Struggling with Eco-Anxiety? Here’s How I’m Managing

I remember watching the news back in 2009 when the devastating tropical cyclone Ondoy hit the Philippines. I was living in Manila, the country’s capital, and I saw that the heavy rainfall flooded many cities and towns. I was a student back then, happy that school was canceled but in disbelief over what was happening in the country. So many Filipinos drowned, with some trapped in their houses as the water level rose. 

It doesn’t end there. I witnessed how destructive typhoons Habagat and Yolanda were, too. With the worsening state of climate change, I now worry we will inevitably face deadlier natural disasters. Some research suggests my home might even be under the high tide line in 30 years. 

Knowing all of this makes me feel hopeless about the future. There is clear evidence of environmental decline every single day, and yet there are no drastic solutions for this global problem. It makes me feel like as an individual, I can’t make a big enough change for the world.

By searching through the internet, I found out that I wasn’t alone in feeling like this. My feelings have a name, “eco-anxiety,” defined as the chronic fear of environmental doom. This feeling is more common among younger generations, like Generation Z, which I am part of.

Although eco-anxiety isn’t classified as a medical condition, its manifestation in individuals like me is very much real. This makes the climate crisis not just an environmental issue, but a mental health issue as well. To combat my feelings of doom, I find that there are some ways that help me cope with it. 

Taking action

I’m very environmentally conscious, so actively making changes to my lifestyle makes me feel like I’m “doing my part.” I avoid single-use plastic as much as I can. I find ways to lessen my waste, and I encourage my family and friends to do so, too. I even make the effort to decrease my carbon footprint as well. By taking action, I am able to reduce that feeling of extreme helplessness regarding the climate crisis.

I acknowledge that my personal changes contribute very little in light of the big-time corporations that pollute the planet. For these companies to do more, international and local eco-friendly policies would have to be put in place by the government. Still, I help disseminate information by sharing important articles and news. By writing about the climate crisis, I feel that I am helping, even if it’s just a little bit.

Finding a support system

Even though everyone on Earth is affected by environmental degradation, not everyone passionately works to prevent it. It is easy to feel alone in the fight. Many of my peers are educated about the crisis but do not have the means, enthusiasm, or power to start making changes. I realized that I needed to find a community of like-minded people who can relate.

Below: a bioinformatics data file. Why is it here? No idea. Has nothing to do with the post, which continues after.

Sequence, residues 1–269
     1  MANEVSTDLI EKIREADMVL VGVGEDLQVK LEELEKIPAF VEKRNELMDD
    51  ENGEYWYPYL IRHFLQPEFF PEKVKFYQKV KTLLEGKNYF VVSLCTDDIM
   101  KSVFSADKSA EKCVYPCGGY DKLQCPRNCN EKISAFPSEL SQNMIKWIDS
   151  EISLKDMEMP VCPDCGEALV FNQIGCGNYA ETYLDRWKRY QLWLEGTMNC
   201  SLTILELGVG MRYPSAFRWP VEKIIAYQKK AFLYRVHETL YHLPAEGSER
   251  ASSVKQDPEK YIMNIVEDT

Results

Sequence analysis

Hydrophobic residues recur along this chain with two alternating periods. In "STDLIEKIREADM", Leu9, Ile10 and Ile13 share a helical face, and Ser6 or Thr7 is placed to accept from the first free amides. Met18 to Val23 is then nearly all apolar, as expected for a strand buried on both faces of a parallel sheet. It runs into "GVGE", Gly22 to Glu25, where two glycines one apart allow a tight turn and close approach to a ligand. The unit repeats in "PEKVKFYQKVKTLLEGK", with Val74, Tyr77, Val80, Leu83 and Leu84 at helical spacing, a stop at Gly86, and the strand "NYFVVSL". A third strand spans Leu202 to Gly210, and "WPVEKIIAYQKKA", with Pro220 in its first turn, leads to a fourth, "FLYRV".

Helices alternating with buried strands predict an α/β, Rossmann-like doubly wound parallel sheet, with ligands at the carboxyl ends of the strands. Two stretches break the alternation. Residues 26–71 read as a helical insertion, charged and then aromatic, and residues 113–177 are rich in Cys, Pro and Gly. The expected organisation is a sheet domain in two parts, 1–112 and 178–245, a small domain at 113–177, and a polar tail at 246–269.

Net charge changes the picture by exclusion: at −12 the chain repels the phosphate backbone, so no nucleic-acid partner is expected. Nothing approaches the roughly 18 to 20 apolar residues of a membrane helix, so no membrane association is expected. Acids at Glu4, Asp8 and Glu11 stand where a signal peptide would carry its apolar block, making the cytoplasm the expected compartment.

Through the power of social media, I can easily reach out to people around the globe. I follow environmentalists on Twitter and join sustainability groups on Facebook. It’s nice to hear the insights of other people, especially environmental journalists. It reminds me that I’m not alone, while also keeping me up to date about the movement. 

Seeking out the successes

Most of the time, we tend to focus on bad news. There are habits to address, policies to review, new goals to set our minds to, and more. Talking about the future of the environment can quickly turn bleak – but it doesn’t have to.

It’s good to seek out positive news, too. We need to pay attention to the great discoveries and positive reports every now and then. Recently, the largest Arctic ozone hole closed up. Although the Antarctica hole is still worrisome, the good news was still hopeful to hear. We’re not losing this fight for the planet’s future just yet. 

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Disengaging when necessary

Being educated about the issue at hand is incredibly important for me. I need to be aware of environmental issues and discourse to advocate for greener lifestyles and systemic changes. This means that I need to spend a lot of time on online research.

However, it is just as important to know when to disconnect. It seems like every day, I read news about animal or plant species becoming extinct. Seeing devastating information constantly is harmful and can quickly become exhausting. I find it essential to focus on myself before I get too anxious and just read a book or re-watch my favorite animated series

Solving environmental issues require social change, environmentally-friendly government policies, and corporate responsibility. I still worry about what the future holds for the entirety of the population and me. But, by focusing on the factors I can control, I work with the feeling of eco-anxiety and remain hopeful and more ready for the future.

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Carla Delgado is a health and science journalist with bylines in Popular Science, Discover Magazine, and Observer. Outside of writing, she works backstage on theatre productions.